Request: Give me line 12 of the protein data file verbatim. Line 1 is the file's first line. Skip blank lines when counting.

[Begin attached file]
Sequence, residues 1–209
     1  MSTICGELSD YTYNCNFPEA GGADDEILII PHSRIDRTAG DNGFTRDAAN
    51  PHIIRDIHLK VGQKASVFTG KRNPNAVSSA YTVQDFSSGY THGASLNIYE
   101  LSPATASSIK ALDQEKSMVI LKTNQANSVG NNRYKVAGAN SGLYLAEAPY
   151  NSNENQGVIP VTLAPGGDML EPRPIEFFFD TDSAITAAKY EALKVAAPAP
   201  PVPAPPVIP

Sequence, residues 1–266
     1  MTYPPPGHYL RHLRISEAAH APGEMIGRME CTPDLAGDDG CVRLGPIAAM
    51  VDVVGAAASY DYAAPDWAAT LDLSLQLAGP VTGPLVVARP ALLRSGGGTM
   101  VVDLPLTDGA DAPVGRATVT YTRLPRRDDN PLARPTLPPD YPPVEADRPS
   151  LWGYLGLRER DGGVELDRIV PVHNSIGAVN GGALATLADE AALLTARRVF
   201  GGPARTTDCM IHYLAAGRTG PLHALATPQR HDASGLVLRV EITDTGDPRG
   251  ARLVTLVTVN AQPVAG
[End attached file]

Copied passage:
   201  GGPARTTDCM IHYLAAGRTG PLHALATPQR HDASGLVLRV EITDTGDPRG